The television series Alone follows ten individuals who are left to fend for themselves and by themselves in the wilderness. Now, these aren’t everyday individuals plucked from Main Street, USA or Times Square. They are survivalists, hunters, and trappers, folks who know the wilderness and how to survive. Revealingly, the hardest trial for these people is not providing themselves with food and shelter, but enduring total isolation. Deprived of family and friends, even the hardiest struggle. Maybe we are not alone in the wilderness, but we, too, struggle with loneliness. Crises and difficulties in our lives isolate us. Though family and friends may be physically near us, we still feel terribly alone and even forsaken. 

Jesus not only experienced what it was like to be alone, but he felt what it was like to be forsaken.  

When Jesus took our sin and shame upon him, he entered a spiritual wilderness, a desert of the soul. In that moment, as he hung from the cross, he cried the lament of every human heart, who in the face of pain, sickness, abuse, wrongful accusation, and the shadow of death, shouts the cry of the forsaken.  


Sometimes it is easy to think that God cannot relate to our circumstances, isn’t it? But, he bears our pain. He enters our darkness. He experiences our tragedy. He feels forsaken on our behalf. Where in your life do you feel alone and abandoned, forsaken by God? Confess those areas to the one who cries the lament of Psalm 22 for you. 


Our God, we confess that there are areas of our lives in which we feel naked and afraid. We find ourselves alone, abandoned, and forsaken and we cry out to you in anger and frustration. “Why are you so far from helping me, from the words of my groaning?” May we know exactly where you are. For our sake, you have endured what we endure and much more. You have weathered the barren desert and dark wilderness so that we may no longer feel alone and forsaken. In you, we find comfort. Amen.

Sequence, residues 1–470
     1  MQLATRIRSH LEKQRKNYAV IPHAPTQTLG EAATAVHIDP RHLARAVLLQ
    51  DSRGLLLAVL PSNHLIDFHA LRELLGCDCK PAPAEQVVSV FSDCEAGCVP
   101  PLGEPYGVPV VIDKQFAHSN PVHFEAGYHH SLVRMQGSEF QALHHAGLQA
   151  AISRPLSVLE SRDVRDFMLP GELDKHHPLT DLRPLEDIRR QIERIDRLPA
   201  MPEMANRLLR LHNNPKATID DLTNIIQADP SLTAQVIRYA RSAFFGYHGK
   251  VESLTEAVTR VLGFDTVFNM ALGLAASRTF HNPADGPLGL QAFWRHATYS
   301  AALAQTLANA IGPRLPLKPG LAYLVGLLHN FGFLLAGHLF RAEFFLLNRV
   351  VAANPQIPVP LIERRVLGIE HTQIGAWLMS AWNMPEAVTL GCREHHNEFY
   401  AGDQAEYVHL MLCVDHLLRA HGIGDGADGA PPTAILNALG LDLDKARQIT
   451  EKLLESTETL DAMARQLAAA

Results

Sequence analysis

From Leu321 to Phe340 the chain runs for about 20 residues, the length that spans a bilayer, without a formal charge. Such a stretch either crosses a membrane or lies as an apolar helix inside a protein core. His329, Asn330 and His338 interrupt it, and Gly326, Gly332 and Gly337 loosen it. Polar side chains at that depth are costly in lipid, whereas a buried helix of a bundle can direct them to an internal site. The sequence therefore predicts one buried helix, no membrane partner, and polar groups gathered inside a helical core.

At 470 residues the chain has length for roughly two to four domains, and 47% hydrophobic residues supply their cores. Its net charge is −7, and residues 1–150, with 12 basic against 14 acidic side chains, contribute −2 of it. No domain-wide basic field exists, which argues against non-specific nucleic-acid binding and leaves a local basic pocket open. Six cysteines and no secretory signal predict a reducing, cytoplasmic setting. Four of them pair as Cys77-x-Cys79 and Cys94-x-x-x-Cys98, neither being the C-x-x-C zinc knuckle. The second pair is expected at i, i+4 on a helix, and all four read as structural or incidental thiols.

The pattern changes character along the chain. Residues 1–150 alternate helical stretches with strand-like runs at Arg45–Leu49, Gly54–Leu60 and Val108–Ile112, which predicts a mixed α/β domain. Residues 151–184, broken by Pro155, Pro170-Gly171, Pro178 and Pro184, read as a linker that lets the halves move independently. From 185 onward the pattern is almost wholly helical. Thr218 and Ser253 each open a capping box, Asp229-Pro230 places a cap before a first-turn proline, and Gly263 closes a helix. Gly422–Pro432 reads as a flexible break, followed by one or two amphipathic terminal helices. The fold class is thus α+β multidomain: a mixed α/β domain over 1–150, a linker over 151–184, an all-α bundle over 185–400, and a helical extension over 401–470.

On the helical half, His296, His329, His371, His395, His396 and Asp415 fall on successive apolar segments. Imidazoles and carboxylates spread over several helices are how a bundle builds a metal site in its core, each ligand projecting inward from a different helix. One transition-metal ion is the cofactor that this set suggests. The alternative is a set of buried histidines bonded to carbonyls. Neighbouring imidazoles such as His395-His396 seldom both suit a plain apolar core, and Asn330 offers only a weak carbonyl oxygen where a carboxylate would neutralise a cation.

The Art

The art in our title image is a detail of The Crucifixion by Léon Bonnat (1833–1922). To see the entire image or download, see Wikimedia Commons.

<i>The Crucifixion</i>, c. 1874, by Léon Bonnat (1833-1922)

TPW's Holy Week Meditation Series

Join us this Holy Week as Scott Bullock leads us through thoughtful meditations every day, perfect for busy pastors (and others!) seeking a moment of calm and to focus on our Lord. A new meditation will be posted on the TPW blog every day—and if you wish, you can download a copy of the whole series below.

Scott Bullock is a Board Member and Contributor with The Pastors Workshop. He is an ordained Presbyterian minister who has served churches in Illinois, New Jersey, and California. He holds an MA in New Testament Studies from Wheaton College, an MDiv from Fuller Theological Seminary, and a ThM in New Testament from Princeton Theological Seminary. Scott is married with three teen-aged children.

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